Shine On

Harbor Moon's Wrestling with the New Horror Market

by Andy Johnson

17 February 2011

Writer Ryan Colucci has spoken about tilting the horror pendulum back towards a blood-lettingly harsh realism with Horror Moon. But does his vision of a "Man With No Name for werewolves" succeed?
The Pricking Of My Thumbs: Inspired by
Clint Eastwood's Man With No Name (from the Dollars trilogy), Harbor Moon's lead shifts expectations in the horror genre without necessarily meeting them. 

Zombies, mummies, vampires, werewolves; these terror-creatures of the horror canon have been with us now for generations, a constant presence in fiction of all forms. If like the moon their respective cultural dominance can be said to move in cycles, then now is surely the hour of the vampire, resurgent if neutered in Stephanie Meyer’s enduringly-successful Twilight franchise. By contrast, the werewolf is in those books and films relegated to a secondary role, believed by critics to serve a function based more around hunk appeal to tweenagers than as a furry icon of fear and rage.

There will always be creators and audiences of fiction who will attempt to return a character or an archetype to its dark roots after a softer, brighter interpretation has been popularised. Take James Bond, for example – those people who were turned off by the humour and gentle surrealism of the Roger Moore-starring films became magnetically attracted to the later, harder-edged incarnations of the character exemplified by Timothy Dalton and Daniel Craig. Harbor Moon is a new, original graphic novel which can be interpreted as an effort to do for werewolves what License to Kill did for 007, and perhaps to tip the horror-cultural Zeitgeist back in favour of our furry fiends. Unfortunately, however intriguing and noble this intention, its accompanying efforts are severely let down by muddled storytelling and characterisation.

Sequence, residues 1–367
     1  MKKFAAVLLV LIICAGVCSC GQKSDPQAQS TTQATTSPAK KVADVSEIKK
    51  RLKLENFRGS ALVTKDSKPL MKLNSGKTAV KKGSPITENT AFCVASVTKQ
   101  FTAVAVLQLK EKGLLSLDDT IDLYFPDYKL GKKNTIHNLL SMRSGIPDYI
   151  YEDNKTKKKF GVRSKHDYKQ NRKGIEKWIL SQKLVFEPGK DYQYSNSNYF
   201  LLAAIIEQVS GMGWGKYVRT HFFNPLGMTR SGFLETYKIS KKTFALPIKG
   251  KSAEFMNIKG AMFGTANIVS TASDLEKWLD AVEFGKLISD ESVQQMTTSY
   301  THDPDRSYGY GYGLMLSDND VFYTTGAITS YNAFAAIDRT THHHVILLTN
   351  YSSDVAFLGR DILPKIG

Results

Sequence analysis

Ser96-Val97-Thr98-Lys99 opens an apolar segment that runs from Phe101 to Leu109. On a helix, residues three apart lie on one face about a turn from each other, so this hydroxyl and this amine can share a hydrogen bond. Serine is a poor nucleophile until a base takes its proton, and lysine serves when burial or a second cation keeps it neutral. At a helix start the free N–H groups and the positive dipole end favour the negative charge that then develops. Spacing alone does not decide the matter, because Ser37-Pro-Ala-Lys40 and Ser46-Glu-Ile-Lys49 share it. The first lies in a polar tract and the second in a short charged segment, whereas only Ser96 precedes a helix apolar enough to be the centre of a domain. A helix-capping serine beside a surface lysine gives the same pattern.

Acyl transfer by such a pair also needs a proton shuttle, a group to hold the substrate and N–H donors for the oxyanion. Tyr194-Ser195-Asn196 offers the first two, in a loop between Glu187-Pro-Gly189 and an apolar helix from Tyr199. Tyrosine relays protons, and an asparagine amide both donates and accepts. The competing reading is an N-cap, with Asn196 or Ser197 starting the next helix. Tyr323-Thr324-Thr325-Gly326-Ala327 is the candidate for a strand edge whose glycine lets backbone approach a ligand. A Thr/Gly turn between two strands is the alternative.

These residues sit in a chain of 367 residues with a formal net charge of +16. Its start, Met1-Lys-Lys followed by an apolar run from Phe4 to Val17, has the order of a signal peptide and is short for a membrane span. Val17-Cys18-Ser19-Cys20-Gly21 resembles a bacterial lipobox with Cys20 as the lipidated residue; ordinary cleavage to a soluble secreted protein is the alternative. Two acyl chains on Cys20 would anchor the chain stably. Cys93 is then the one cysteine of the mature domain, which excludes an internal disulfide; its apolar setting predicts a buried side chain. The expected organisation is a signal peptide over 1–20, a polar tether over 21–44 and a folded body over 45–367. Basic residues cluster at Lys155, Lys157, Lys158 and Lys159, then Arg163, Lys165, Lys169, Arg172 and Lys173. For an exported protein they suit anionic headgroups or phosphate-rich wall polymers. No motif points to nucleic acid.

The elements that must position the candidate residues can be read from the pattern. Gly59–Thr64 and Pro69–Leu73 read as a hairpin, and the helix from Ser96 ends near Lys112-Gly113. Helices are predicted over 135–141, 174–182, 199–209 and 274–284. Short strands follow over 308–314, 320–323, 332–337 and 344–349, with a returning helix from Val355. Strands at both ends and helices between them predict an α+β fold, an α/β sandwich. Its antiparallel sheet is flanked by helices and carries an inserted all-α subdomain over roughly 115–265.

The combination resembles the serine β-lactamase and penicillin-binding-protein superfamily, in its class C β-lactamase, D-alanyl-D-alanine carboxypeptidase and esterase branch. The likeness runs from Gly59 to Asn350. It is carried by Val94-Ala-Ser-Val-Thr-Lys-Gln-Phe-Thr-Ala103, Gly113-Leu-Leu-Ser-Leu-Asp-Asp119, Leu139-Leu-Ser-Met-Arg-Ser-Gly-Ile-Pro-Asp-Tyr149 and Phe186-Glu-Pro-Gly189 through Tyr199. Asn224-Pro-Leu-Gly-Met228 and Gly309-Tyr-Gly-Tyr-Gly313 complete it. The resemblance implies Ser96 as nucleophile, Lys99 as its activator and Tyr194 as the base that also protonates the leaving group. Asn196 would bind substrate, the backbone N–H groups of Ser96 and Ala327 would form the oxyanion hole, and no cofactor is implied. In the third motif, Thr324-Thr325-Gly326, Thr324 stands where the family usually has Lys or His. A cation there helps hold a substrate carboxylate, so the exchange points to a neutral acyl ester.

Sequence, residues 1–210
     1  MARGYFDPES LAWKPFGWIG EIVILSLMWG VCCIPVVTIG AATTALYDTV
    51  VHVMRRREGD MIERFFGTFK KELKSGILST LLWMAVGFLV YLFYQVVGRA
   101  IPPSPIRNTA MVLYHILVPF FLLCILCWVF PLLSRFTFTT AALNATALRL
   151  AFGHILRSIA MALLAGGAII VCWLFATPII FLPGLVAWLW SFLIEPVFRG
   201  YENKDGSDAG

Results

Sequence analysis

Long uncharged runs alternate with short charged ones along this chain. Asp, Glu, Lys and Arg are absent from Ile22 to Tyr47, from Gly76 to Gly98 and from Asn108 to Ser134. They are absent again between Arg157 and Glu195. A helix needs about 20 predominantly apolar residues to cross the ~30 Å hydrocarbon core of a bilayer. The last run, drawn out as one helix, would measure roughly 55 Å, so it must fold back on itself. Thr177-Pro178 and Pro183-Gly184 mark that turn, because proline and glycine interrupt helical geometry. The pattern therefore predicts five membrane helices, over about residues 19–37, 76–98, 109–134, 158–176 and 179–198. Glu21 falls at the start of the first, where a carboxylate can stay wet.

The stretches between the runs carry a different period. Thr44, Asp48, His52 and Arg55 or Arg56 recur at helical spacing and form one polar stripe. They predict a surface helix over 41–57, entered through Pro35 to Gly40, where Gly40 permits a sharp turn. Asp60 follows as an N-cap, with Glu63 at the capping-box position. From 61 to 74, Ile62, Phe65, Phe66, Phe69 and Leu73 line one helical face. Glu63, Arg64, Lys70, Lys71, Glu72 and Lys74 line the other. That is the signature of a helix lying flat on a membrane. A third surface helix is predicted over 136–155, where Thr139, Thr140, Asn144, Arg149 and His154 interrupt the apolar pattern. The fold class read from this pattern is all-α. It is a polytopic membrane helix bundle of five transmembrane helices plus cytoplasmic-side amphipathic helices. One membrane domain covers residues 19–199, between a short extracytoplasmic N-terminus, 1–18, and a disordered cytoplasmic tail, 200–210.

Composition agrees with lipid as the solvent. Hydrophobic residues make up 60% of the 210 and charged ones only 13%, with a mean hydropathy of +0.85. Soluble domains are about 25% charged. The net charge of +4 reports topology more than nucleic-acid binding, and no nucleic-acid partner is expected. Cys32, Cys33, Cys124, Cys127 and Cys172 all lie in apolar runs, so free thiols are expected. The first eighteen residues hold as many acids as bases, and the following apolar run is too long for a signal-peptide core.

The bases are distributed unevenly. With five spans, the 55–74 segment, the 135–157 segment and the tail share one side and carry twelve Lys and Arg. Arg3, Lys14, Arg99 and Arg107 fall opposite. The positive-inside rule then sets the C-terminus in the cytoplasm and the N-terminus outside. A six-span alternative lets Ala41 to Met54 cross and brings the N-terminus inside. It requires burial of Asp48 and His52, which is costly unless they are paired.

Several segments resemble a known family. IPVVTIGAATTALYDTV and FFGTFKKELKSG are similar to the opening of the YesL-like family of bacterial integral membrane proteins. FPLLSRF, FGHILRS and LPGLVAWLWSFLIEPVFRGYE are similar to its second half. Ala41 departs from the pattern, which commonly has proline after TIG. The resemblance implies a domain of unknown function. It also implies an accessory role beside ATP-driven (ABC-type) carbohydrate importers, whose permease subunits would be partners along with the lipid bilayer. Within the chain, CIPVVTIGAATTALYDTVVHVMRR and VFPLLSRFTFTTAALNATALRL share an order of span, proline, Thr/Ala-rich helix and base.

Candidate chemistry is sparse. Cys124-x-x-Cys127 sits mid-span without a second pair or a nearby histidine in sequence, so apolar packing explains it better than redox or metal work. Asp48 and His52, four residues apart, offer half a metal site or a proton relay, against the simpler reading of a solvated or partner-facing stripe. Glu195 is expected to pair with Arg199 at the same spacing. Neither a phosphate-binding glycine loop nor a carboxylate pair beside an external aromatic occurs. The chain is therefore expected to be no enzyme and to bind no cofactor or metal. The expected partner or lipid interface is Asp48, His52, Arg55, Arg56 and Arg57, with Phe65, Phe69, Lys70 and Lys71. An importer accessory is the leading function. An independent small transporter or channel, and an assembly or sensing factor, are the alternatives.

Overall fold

The story is set - in fine Stephen King tradition - in the closed rural atmosphere of a contemporary Maine. A warm welcome is nowhere to be found as our hero, war veteran Tim Vance, arrives in the titular town. He is seeking both answers and a man named Andrew O’Callaghan, but instead finds a community simmering over the flames of suspicion and xenophobia. Vance doggedly refuses to heed any advice that he should call off his search, and duly stumbles into the town’s dark secrets, leading him to find that he “may have more in common with [Harbor Moon’s] residents than he could ever imagine.” As such a synopsis snippet may imply, the book’s diversions from conventional werewolf lore and horror convention are fairly modest. This, in itself, is far from being problematic – it’s the way the story is told by which its creators have let themselves down.

Unfortunately, these narrative issues pervade all aspects of the book; both writing and art, as well as both the micro- and macro levels of the tale. The first several pages are genuinely incoherent, with the minimalist dialogue, total lack of boxes for exposition, and hugely erratic art by Pawel Sambor conspiring to deny the reader any chance to anchor themselves within the story until a fair portion of it has already elapsed. Things scarcely become any more intelligible when audience surrogate and hero Vance is introduced. Writer Ryan Colucci has explained that the central character was inspired by the “man with no name” played by Clint Eastwood in Sergio Leone’s Dollars trilogy of spaghetti Westerns, but in practice Vance is closer to a “man with no personality”, making do with a shallow veteran conceit where genuine depth could be.

Werewolves, surprisingly, take quite some time to appear explicitly, but happily their portrayal is one of Sambor’s artistic strengths. His beasts are voluminous and feral; wherever the darkness is, they seemingly are as well, vibrant eyes aglow in the gloom. It is a shame, then, that many of the action scenes featuring these creatures are too confusing to truly excite, their panels working more effectively as standalone pieces of art than as a genuine sequential narrative. The book’s final conflict, in which Harbor Moon plays host to a decisive clash between man and wolf, simply fails to have its desired impact because of this fundamental disjointedness between panel and panel, page and page.

Harbor Moon is not an abject failure. At times, it comes close to achieving the sense of small-town unease it aspires to, and it has its fair share of striking single panel splashes. But in the end its characters are too shallow, its plot too confused and scattershot to be the powerful love letter to the wolf it could have been. The sheer scale of the creative team – six people were involved, all told – and the relative inexperience of those creators with the sequential art medium are probably the root causes of these deficiencies. Most likely consigned to being a curio for the werewolf-obsessed, Harbor Moon does at least provide its creators with a stepping stone towards more accomplished and confident work.


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